policies for the use of trusted computing and DRM in its operations.
1. “For as long as it has any business or statutory requirements to do so,
   government must be able to:
        use the information it owns/holds;
        provide access to its information to others, when they are entitled to access
   I think other sovereign governments will require a similar assurance.
        All governmental documents must have high availability and integrity: ECM.
        Some governmental documents are highly confidential, requiring special-
         purpose DRM systems under single-agency control.
   Key control is a primary vulnerability in ECM (and in DRM).
        To mitigate this vulnerability, I would advise governmental agencies to
         separate their key-management systems from their ECM systems.
        System interfaces should conform to an open standard, so that there can be
         secondary vendors and a feasible transition plan to a secondary vendor.

                                          TC/DRM Policy 7 Apr 07                         25
    NZ e-Government Principle #2
2. “Government use of trusted computing and digital rights management
   technologies must not compromise the privacy rights accorded to
       who use government systems, or
       about whom the government holds information.”
   This principle may be technically infeasible.
       Can a standardised TC/DRM technology support our diverse privacy
       Can a privacy-preserving TC/DRM satisfy our diverse requirements for law
        enforcement and national security?
   I have heard that telecommunication switches in the USA must support
    three independent wiretaps. I would model this as a 4-wide peerage in
    control of the telco‟s switch. Should our TC/DRMs have 3 trapdoors?
       Privacy goal of a secure TC/DRM system: all trapdoor use is legitimate.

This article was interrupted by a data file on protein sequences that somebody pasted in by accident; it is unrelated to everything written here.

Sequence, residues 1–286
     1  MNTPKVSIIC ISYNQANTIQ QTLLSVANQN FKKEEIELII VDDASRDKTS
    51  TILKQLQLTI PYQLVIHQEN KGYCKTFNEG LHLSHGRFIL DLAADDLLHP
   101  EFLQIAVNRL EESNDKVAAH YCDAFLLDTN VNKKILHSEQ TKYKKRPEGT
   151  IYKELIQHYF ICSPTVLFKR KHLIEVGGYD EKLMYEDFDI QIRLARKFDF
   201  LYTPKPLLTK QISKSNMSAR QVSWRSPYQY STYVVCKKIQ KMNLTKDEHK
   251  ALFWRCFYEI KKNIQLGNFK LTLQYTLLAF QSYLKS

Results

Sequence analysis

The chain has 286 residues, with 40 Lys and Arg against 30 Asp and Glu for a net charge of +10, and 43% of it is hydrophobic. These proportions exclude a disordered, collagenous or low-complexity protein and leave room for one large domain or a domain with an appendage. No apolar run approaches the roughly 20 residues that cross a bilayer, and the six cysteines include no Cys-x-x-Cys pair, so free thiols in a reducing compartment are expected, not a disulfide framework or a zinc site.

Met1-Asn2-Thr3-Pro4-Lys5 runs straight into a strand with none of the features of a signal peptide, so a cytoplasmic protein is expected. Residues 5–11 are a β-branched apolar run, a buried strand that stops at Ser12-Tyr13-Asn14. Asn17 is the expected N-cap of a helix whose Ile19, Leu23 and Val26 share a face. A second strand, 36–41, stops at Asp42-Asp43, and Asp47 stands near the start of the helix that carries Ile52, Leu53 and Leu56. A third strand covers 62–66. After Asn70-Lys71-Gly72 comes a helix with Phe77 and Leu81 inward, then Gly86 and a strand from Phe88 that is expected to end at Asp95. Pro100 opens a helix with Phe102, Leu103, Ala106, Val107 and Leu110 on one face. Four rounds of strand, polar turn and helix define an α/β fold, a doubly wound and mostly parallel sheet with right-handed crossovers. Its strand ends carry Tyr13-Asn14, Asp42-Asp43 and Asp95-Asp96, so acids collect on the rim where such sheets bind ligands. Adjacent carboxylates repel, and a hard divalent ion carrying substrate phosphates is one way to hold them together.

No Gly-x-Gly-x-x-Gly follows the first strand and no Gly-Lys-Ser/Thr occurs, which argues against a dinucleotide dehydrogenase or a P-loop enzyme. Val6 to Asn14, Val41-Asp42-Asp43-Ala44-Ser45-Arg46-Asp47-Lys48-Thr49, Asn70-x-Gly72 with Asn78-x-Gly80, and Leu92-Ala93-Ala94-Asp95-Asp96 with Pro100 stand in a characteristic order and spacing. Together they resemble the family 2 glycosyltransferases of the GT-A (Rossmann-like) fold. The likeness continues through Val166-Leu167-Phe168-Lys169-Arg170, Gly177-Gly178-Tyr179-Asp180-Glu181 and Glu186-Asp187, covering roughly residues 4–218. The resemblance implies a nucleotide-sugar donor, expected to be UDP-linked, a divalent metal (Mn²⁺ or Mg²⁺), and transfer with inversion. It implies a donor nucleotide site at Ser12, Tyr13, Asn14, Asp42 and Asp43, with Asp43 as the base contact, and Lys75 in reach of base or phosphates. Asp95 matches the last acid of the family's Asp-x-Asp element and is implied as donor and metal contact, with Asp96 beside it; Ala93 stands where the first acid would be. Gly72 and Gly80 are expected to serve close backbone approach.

   Legitimation is a more general goal than privacy.
       The users of an unlegitimated trusted system will be distressed, and may
        avoid or even subvert the system.
                                     TC/DRM Policy 7 Apr 07                   26
    NZ e-Government Principle #3
3. “The use of trusted computing and digital rights management
   technologies must not endanger the integrity of government-held
   information, or the privacy of personal information, by
        permitting information to enter or leave government systems, or
        be amended while within them,
        without prior government awareness and explicit consent.”
   All sovereign governments, and all corporations, have similar
    requirements for high integrity, confidentiality at the perimeter, and
   Technical analysis:
        These requirements cannot be achieved with a closed-source DRM
         system on an unauditable TC platform.
        This is ECM: documents entering a governmental (or corporate) security
         boundary must be “owned” by the receiving agency, so they can be fully
         managed by a local rights server.
        This is not DRM, indeed I think strong controls (e.g. a manager‟s explicit
         consent) should be placed on any individual‟s importation of non-owned
         documents and objects. Each importation is a threat to system
         confidentiality, and imported documents may be subject to amendment.